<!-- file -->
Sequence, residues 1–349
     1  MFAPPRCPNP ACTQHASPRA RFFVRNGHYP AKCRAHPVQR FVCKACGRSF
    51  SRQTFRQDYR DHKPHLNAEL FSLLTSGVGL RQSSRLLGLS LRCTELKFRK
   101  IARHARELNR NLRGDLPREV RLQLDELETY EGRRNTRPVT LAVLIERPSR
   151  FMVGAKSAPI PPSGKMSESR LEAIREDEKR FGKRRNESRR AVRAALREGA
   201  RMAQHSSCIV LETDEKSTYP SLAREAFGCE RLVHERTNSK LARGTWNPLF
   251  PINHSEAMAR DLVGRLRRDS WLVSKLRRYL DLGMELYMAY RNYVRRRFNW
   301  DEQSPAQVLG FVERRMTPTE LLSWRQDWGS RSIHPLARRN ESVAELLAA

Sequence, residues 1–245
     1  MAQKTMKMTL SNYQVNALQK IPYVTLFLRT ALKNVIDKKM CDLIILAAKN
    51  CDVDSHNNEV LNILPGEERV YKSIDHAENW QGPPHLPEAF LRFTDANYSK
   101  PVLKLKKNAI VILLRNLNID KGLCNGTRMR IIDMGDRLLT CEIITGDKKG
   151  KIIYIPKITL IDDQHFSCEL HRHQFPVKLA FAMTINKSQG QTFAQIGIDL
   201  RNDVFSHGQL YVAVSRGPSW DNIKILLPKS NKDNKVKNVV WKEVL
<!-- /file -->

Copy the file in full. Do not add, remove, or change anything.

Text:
Sequence, residues 1–349
     1  MFAPPRCPNP ACTQHASPRA RFFVRNGHYP AKCRAHPVQR FVCKACGRSF
    51  SRQTFRQDYR DHKPHLNAEL FSLLTSGVGL RQSSRLLGLS LRCTELKFRK
   101  IARHARELNR NLRGDLPREV RLQLDELETY EGRRNTRPVT LAVLIERPSR
   151  FMVGAKSAPI PPSGKMSESR LEAIREDEKR FGKRRNESRR AVRAALREGA
   201  RMAQHSSCIV LETDEKSTYP SLAREAFGCE RLVHERTNSK LARGTWNPLF
   251  PINHSEAMAR DLVGRLRRDS WLVSKLRRYL DLGMELYMAY RNYVRRRFNW
   301  DEQSPAQVLG FVERRMTPTE LLSWRQDWGS RSIHPLARRN ESVAELLAA

Sequence, residues 1–245
     1  MAQKTMKMTL SNYQVNALQK IPYVTLFLRT ALKNVIDKKM CDLIILAAKN
    51  CDVDSHNNEV LNILPGEERV YKSIDHAENW QGPPHLPEAF LRFTDANYSK
   101  PVLKLKKNAI VILLRNLNID KGLCNGTRMR IIDMGDRLLT CEIITGDKKG
   151  KIIYIPKITL IDDQHFSCEL HRHQFPVKLA FAMTINKSQG QTFAQIGIDL
   201  RNDVFSHGQL YVAVSRGPSW DNIKILLPKS NKDNKVKNVV WKEVL